Goal: to have an outline finished by Summer 2016 so that I can start writing chapters in my (rare) downtime, so that by the end of the 2016-2017 school year, I have the “rough draft” of my first novel completed!

 

Author’s Note–WarLight

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“The Demon Killer” Geoffroy Thoorens (ArtStation.com)

So this blog post is an examination of some of the inspirations, challenges, and final thoughts for my newest short story WarLight (formerly known as “Project Light.”)  This has been a hard story to complete, but it is finally finished.  I will let it “sit” for a while and will revise it based on feedback from my “Beta readers.”

  • The genesis of this story is simple: it is the “Halo-Killer” that I always wanted Sony to develop for the PlayStation.  Bungie originally intended Halo to be a multiplatform game and I followed its development with great interest.  Then Bungie’s website “went dark” and then when it came back, the game was suddenly Microsoft only.  I despised that tactic of “buying” a 3rd party game to “deny” it to your rivals and MS lost me as a customer for their game system with this philosophy.  There was always talk of Sony developing its own Halo-Killer, but Killzone, the game that was touted as the sci-fi shooter of the PlayStation, didn’t achieve the level of heights that Halo commanded.
  • Halo worked because it started with a cool sci-fi premise and then added an “everyman” character on to it.  Add in awesome vistas, cool secondary characters, a menacing enemy and a story where one man could save the world, and you had an instant sci-fi classic (the “new” Star Wars).
  • I tried very hard to start off with a cool sci-fi premise: what if your world’s sun would go not just supernova, but hyper-nova.  This would generate a shockwave of light, heat, and radiation that would all obliterate everything in its path for hundreds of millions of light years.  What if a civilization could just barely stay ahead of the wave, their technology only allowing them to “jump” up to a couple weeks ahead of the doom–a vast array of ships, collectively known as the Fleet–all jumping, emerging into real space for a week or so scavenging resources and jumping out again?
  • What if the Fleet got trapped?
  • This is the story that I try to tell in WarLight.
  •  The hero of the story was born in the weeks after my grandmother passed away, so he has a “darkness” about him that is unusual for my characters (no, he is not “morally ambiguous”–a term I hate with a passion–rather, he looks at the death and destruction and wonders what is the use of trying).
  • The actual story takes place on a planet and that is taken from a dream that I had about kids arriving on world with a long dead civilization and awakening an ancient evil.
  • The theme was originally going to be “Fight on no matter what,” with epigraphs taken from “Do Not Go Gentle into that Good Night” by Dylan Thomas.  However, he is contemporary enough that his poem is still in Copyright, so I was unable to use it without obtaining permission.
  • The story floundered for two years–I’d write the first paragraph down (sometimes more), but each time I’d be unsatisfied with the way it turned out.  It never made it past the first couple of paragraphs.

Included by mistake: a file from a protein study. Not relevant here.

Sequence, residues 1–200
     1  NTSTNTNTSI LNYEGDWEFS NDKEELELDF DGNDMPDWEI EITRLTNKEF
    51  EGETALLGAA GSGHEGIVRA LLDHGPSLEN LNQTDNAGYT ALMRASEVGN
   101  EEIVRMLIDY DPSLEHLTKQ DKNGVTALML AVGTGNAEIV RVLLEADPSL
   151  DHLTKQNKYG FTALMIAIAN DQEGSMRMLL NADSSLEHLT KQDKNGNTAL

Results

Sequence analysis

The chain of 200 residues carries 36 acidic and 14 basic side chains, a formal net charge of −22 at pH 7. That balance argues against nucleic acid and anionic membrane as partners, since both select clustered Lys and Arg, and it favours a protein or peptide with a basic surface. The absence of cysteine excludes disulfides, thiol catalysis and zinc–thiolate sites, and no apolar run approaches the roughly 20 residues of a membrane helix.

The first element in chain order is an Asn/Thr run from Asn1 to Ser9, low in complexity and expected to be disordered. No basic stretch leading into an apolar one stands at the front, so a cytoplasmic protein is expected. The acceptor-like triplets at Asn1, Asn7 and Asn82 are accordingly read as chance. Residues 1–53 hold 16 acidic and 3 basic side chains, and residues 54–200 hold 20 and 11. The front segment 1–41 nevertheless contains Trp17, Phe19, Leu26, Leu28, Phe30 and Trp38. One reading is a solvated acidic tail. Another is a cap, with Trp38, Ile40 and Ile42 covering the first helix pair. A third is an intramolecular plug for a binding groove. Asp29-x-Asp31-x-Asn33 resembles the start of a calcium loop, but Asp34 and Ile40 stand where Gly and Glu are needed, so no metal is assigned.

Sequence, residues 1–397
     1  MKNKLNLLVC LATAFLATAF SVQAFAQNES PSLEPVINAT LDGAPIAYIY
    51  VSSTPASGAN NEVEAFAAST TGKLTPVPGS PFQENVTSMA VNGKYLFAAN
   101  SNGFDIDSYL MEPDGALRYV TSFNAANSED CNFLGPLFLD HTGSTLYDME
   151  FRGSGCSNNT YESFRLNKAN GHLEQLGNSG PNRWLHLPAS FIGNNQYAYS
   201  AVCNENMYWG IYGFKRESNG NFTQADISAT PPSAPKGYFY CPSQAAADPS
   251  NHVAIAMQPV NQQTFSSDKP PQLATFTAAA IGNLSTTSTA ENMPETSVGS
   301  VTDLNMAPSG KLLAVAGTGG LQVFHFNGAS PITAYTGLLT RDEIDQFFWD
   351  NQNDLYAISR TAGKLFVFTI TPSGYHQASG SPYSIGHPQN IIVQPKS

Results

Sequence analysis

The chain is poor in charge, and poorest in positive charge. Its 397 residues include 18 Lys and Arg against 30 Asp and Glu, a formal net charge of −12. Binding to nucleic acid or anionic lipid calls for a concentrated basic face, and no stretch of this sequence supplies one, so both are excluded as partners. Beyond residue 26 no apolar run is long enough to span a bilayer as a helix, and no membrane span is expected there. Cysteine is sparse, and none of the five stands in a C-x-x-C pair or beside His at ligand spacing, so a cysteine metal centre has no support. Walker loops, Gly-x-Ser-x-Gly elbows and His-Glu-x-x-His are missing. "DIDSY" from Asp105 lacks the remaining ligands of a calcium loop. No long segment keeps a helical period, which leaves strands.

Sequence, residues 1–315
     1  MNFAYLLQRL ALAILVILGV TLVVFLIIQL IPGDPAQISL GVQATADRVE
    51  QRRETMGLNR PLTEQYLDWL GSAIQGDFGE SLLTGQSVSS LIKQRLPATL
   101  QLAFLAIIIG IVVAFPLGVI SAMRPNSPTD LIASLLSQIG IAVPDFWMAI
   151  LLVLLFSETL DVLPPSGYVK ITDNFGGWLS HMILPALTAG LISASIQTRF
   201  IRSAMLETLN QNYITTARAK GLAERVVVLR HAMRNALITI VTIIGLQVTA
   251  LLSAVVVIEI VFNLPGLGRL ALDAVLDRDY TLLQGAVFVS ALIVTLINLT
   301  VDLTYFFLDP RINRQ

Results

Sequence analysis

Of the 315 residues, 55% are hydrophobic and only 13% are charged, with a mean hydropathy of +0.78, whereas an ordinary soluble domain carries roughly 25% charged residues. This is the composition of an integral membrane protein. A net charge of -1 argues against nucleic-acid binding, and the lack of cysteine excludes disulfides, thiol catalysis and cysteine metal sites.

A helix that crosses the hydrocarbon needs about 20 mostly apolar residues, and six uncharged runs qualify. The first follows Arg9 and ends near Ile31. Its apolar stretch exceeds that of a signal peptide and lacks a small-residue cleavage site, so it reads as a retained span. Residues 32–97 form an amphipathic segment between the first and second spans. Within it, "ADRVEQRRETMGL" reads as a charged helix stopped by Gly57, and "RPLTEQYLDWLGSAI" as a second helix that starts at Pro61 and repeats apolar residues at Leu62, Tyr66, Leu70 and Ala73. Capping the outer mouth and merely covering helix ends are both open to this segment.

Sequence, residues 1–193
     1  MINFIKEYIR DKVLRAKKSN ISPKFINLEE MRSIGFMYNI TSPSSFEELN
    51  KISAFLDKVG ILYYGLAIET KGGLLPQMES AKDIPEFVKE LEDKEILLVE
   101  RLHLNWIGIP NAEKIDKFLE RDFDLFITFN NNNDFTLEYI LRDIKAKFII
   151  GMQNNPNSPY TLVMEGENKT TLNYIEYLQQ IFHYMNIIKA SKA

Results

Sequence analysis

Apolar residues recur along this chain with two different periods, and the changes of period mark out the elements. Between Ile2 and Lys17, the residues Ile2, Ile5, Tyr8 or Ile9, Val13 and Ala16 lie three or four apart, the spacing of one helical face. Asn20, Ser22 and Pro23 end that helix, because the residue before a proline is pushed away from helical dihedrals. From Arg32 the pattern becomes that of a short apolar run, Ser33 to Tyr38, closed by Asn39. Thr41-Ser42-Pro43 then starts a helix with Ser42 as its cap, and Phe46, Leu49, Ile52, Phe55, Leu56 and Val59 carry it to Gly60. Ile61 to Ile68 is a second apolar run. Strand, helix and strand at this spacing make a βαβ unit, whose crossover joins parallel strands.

• I was determined to write it this year and I was originally going to write it to be submitted for Visions IV.  It was the 1st story I started working on in 2016.  I then reread the guidelines and saw that stories for that anthology needed to be in space not on a planet and so I had to switch from writing WarLight to Ship of Shadows.
  • After, I had finished and edited Ship of Shadows, I thought it would be easy to finish up WarLight.  Boy, was I wrong!  I still had the same problems and issues as before, not having a way to illustrate my theme and not understanding enough about my main character (named Tyrian in early drafts).
  • Finally, in late April/early-mid May, I happened to be going through my Literature books and remembered “Charge of the Light Brigade” by Alfred, Lord Tennyson.  I was able to adapt that poem to my use for epigraphs and also to refine my theme to be “find something to live for even in the face of great tragedy.”
  • I copped out on the original ending.  I needed another day to finish it, but I had literally an hour before the place where my “beta readers” worked closed, so I wrote a dreadful ending.  I wrote the “real” ending over the weekend and emailed it to the beta readers, but I don’t know which one they prefer yet–although I know which one I prefer.
  • The artwork is by the artist Geoffroy Thoorsen via ArtStation and you can find his work there and at his website (DjahaLcom).  The title of the piece is called “The Demon Killer,” and the suit is similar to what I’m hoping to convey to readers of the story.  This is another artist I would love to work with in the future.  He “gets” my type of sci-fi.
  • I plan to revise it when it is time to submit to Carrol Fix’s next Visions anthology.

Score One for the Good Guys! Ship of Shadows–in Visions IV: Space Between Stars

Visions IV

So last week, I was super discouraged with life in general and the Sci-Fi/Fantasy genre in particular.  As a self-proclaimed good guy (a la Captain America/Luke Skywalker in my own humble assessment 🙂 ) I felt I was getting the short end of the stick on pretty much everything last week.  Then to top it off, everything I tried to read for enjoyment seemed to be some poorly written pastiche of Game of Thrones, Breaking Bad, or Walking Dead (where the bad guys get to win).  Argh!  It was enough to make a grown man scream (or in my case, post a disconsolate blog entry).

And then comes this news from the wonderful Carrol Fix–the book that has my story that I worked on and submitted in February 2016 is OUT NOW!

YAY, Carrol!

Here is the full Press Release.  Please, Please, PLEASE, consider purchasing a copy, if not for my story being inside of the book, please consider purchasing a copy to show that sometimes the “Nice Guys” get to win!

Visions IV

Visions IV: Space Between Stars Cover

The Antidote to Boring Scifi!
It’s time to read
Visions IV
Space Between Stars

• When an influenza decimates everyone else aboard the colony ship, Evalynn Santori discovers unexpected companions.